Self-Sabotage: When Something Goes Wrong cos Something Went Right
Does this sound like you?
You’ve lost a couple of kilos so you eat a family block of chocolate and a mega-tub of ice-cream.
You finally reach the income bracket you always dreamed about but you keep doing dumb things with your money so you’re in a worse financial position than you were before.
Everything’s going great in your relationship (finally!) and you pick a BIG fight over nothing that makes you all scared that they’ll leave.
Or maybe it’s more subtle. You kinda know you would feel better if you actually got out of bed and did that yoga session in the morning but you just don’t do it. You tell yourself that it’s because it’s cold and you work hard and need your rest. (Hang on a second! This is me!). But there’s actually some resistance to feeling really good.
What the? Why would anyone want to resist feeling really good?
Because that would NOT fit in with the need to feel like a disappointment.
And for many of us with a good ole dose of self-sabotage going on – if we ain’t feelin’ like a disappointment we ain’t feelin’ normal.
So if you have the ole self-sabotage thing going on I bet you grew up in a household where someone was always disappointed. Maybe Mum was glass is half empty. Maybe Dad hated his job but went every day and was miserable when he left and when he got home. Maybe Mum and Dad weren’t happy together – both of them thinking about how unhappy they are but that at least they stayed together for the sake of the kids.
Maybe YOU couldn’t do anything right. You’d do this to keep Mum happy but the goal posts would change and then you’d have to do something else but that wasn’t good enough either. Or maybe you were compared to your sister or brother – the Golden Child – and always found lacking. Or maybe you were an arty little person and your parents wanted a doctor.
Whichever way it happened, there’s an air of disappointment that might be overt or maybe just a subtle waft.
In the first instance we absorb disappointment like it’s an accent. There’s so much of it that it’s like the emotional flavour of the world. So later, without it, we feel kinda weird. “What is this happiness thing?” we say when we have a disappointment free moment. “It feels so uncomfortable. Must do something to sabotage this immediately”
If it was YOU who was the disappointment then there’s much clearer messages about continuing to be a disappointment because THAT”S WHO YOU ARE. If you do something praise-worthy, successful, valuable then it just doesn’t fit with how you see yourself and you have to do something to get back to the real you. You: The Disappointment.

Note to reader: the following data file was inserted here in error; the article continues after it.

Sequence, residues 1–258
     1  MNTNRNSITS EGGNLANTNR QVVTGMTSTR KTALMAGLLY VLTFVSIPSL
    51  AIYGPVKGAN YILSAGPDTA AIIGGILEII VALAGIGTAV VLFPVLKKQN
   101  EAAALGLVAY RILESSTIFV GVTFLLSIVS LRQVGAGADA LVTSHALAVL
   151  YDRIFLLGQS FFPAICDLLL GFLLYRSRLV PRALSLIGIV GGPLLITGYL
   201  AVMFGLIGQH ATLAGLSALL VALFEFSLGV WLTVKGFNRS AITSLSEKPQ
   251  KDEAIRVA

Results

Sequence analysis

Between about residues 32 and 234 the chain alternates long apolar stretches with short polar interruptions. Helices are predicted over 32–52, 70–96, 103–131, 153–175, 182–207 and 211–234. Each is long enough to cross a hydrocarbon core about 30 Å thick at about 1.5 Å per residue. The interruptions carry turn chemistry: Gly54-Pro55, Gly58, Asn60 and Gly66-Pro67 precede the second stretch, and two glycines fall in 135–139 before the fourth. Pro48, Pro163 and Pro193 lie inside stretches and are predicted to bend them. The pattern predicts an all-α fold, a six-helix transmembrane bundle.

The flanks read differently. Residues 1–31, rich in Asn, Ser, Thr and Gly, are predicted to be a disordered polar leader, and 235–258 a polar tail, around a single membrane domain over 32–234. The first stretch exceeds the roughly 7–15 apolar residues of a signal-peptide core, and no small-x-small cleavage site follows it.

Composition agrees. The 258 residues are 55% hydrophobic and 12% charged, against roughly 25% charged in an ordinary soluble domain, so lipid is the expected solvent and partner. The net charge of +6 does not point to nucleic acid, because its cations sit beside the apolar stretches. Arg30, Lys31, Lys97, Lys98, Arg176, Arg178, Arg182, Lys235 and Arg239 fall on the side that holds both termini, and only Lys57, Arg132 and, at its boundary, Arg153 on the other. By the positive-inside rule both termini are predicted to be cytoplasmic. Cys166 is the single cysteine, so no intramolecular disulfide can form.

Try this little exercise: Stop right now and actually DO it.
Imagine yourself in your family home with whoever raised you. The way they were then. Not necessarily now cos they might have changed.
Imagine you have achieved all your wildest dreams. Get right into this – what clothes are you wearing? What car are you driving? Did you marry the man or woman of your dreams even though Mum said you’d never get a decent guy. Feel what it’s like to walk tall and proud and totally own your success.
Now imagine yourself in the same room as whoever raised you. Can you be with them AND be successful or happy or whatever it is that you want for yourself? When I first did this I couldn’t do it.
If you can’t it’s likely that you have some self-sabotage going on. If you can’t it gives some pretty strong indications that disappointment is in the culture of your family. And that you might need to feel disappointing on some level to feel normal.
For you to finally reach the heights you’ve dreamed of, to have the relationship you always wanted without slowly sabotaging it into the ground, to stick to that weight loss goal, you’re probably gonna have to overcome your need to self-sabotage.
So….. how do you overcome it?
Stay tuned for next week. I’ll have some strategies you can start to use to strip self-sabotage of its strength.